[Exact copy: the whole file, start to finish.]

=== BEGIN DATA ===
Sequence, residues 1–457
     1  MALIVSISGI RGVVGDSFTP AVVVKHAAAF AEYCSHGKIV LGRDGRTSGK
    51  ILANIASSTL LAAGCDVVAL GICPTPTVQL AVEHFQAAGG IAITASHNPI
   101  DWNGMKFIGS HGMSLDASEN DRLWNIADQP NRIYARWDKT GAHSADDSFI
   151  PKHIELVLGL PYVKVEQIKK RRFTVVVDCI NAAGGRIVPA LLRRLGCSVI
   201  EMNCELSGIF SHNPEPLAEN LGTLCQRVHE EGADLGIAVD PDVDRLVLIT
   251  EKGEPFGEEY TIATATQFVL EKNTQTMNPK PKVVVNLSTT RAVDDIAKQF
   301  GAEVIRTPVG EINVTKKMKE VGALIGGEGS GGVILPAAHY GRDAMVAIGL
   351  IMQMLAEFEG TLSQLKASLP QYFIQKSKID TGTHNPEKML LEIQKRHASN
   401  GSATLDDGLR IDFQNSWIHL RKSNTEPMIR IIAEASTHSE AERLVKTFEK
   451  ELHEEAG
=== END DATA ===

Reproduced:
Sequence, residues 1–457
     1  MALIVSISGI RGVVGDSFTP AVVVKHAAAF AEYCSHGKIV LGRDGRTSGK
    51  ILANIASSTL LAAGCDVVAL GICPTPTVQL AVEHFQAAGG IAITASHNPI
   101  DWNGMKFIGS HGMSLDASEN DRLWNIADQP NRIYARWDKT GAHSADDSFI
   151  PKHIELVLGL PYVKVEQIKK RRFTVVVDCI NAAGGRIVPA LLRRLGCSVI
   201  EMNCELSGIF SHNPEPLAEN LGTLCQRVHE EGADLGIAVD PDVDRLVLIT
   251  EKGEPFGEEY TIATATQFVL EKNTQTMNPK PKVVVNLSTT RAVDDIAKQF
   301  GAEVIRTPVG EINVTKKMKE VGALIGGEGS GGVILPAAHY GRDAMVAIGL
   351  IMQMLAEFEG TLSQLKASLP QYFIQKSKID TGTHNPEKML LEIQKRHASN
   401  GSATLDDGLR IDFQNSWIHL RKSNTEPMIR IIAEASTHSE AERLVKTFEK
   451  ELHEEAG